Cases reported "Stomach Neoplasms"

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1/3023. Clinical value of protein-bound fucose in patients with carcinoma and other diseases.

    Protein-bound fucose content in sera from normal persons and patients with various malignant and non-malignant diseases was measured and statistically analyzed. Normal serum gave a mean value of 6.84 /- 0.13 mg/100 ml, and rarely exceeded 9 mg/100 ml. Although no significant difference was found between sexes, there was a tendency of fucose content to decrease in older persons. It was noted that more than 90% of cancer-bearing patients have significantly higher level than critical value (9 mg/100 ml), while only 8.7% of patients with benign tumor showed positive result. These results were not limited to special organs but in common to all cases studied. The elevation of serum fucose content in malignant tumor was well correlated with its stages of progression, though the levels were less significant in early and in rather locally restricted breast and thyroid cancer. Serial postoperative follow-up study showed that the levels in serum fucose content was a useful parameter for judging the effectiveness of therapy and the prognosis of the patient. The fucose content in malignant tumor tissue and metastasized lymph node appeared to be significantly elevated than that in normal tissue. The practical usage and limitation of the fucose value in various diseases, together with a possible source of serum fucose were discussed. ( info)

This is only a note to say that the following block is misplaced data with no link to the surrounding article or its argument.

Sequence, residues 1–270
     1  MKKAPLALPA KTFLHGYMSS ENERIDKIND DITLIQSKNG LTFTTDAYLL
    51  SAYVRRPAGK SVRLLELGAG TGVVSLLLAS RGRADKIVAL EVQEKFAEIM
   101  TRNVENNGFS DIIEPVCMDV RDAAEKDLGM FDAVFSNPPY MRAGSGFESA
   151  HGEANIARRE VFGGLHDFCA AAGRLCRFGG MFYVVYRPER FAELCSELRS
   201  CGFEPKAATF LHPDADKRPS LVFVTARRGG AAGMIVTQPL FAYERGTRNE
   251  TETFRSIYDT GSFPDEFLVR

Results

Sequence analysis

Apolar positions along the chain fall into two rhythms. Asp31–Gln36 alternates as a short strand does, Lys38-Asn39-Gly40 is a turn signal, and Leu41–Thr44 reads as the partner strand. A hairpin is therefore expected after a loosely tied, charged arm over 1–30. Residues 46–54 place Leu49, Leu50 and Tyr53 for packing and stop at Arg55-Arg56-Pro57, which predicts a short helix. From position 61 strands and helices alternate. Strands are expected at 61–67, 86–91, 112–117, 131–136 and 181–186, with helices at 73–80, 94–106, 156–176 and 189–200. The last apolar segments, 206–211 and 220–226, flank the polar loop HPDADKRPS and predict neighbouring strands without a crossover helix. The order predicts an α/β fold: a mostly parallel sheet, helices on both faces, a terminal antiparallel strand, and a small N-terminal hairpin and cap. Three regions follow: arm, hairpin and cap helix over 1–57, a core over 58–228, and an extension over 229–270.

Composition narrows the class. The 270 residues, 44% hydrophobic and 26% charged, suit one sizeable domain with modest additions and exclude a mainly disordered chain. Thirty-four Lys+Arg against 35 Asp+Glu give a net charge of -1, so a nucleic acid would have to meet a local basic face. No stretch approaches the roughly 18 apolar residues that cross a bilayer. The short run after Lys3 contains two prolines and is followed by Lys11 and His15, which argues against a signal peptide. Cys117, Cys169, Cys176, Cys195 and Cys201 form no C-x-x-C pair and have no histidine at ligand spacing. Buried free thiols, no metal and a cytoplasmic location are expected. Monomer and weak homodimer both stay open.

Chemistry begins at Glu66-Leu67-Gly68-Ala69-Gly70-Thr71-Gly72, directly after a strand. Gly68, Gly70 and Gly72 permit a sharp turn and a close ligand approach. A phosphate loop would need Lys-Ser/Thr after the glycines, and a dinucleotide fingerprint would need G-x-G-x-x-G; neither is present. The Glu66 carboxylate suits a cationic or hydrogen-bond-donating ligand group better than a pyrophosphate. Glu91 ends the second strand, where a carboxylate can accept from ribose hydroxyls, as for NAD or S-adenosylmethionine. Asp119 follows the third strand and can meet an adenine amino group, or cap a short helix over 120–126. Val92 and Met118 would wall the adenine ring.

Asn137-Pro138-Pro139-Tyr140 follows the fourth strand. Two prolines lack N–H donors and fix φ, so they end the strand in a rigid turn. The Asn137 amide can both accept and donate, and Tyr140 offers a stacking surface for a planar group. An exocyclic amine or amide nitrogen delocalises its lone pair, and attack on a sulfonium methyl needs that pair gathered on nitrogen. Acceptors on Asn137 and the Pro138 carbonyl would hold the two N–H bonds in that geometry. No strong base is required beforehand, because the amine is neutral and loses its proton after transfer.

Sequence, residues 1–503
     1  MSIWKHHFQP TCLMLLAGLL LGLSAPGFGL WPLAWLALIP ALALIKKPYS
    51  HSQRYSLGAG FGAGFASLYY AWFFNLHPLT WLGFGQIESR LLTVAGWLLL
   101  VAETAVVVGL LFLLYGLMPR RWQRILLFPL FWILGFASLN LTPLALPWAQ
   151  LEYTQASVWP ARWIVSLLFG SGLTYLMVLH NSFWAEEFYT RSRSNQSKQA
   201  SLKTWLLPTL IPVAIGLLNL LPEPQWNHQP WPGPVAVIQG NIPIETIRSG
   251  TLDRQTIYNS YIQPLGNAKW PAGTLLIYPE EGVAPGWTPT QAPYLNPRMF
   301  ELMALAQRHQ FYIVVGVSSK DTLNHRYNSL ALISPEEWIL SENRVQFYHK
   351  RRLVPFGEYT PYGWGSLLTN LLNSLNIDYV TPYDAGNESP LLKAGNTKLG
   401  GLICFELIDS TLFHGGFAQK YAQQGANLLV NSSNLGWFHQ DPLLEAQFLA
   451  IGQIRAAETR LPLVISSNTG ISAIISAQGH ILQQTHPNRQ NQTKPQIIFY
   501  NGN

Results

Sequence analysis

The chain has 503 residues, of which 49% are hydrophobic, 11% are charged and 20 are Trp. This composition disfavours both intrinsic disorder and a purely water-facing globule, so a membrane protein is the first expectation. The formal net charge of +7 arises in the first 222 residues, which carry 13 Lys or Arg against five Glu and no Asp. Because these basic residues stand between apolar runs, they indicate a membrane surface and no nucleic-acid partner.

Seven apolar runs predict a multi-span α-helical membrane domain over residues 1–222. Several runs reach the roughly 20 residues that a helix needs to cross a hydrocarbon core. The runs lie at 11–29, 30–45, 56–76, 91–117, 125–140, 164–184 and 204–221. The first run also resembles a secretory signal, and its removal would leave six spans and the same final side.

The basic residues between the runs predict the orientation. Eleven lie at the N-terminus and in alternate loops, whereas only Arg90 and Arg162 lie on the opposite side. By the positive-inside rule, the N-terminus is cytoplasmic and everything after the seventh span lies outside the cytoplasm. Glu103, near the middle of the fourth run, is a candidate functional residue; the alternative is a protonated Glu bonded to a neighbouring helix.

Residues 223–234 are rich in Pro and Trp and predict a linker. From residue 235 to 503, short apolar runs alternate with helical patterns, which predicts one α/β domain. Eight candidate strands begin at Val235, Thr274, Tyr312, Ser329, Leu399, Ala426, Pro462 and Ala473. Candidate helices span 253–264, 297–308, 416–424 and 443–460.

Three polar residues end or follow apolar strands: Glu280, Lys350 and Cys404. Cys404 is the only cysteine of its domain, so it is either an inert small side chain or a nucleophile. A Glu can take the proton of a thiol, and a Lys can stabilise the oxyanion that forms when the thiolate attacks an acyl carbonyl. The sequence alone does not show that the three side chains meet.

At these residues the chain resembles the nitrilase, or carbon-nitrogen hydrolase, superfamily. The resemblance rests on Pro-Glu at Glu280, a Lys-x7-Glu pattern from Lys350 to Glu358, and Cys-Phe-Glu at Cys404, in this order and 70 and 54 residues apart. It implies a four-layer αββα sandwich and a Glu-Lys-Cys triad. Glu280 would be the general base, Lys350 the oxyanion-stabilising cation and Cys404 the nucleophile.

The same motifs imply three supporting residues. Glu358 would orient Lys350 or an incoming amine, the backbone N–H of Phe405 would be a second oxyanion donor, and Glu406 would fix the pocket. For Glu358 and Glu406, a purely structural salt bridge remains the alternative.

2/3023. Molecular relationships of helicobacter pylori strains in a family with gastroduodenal disease.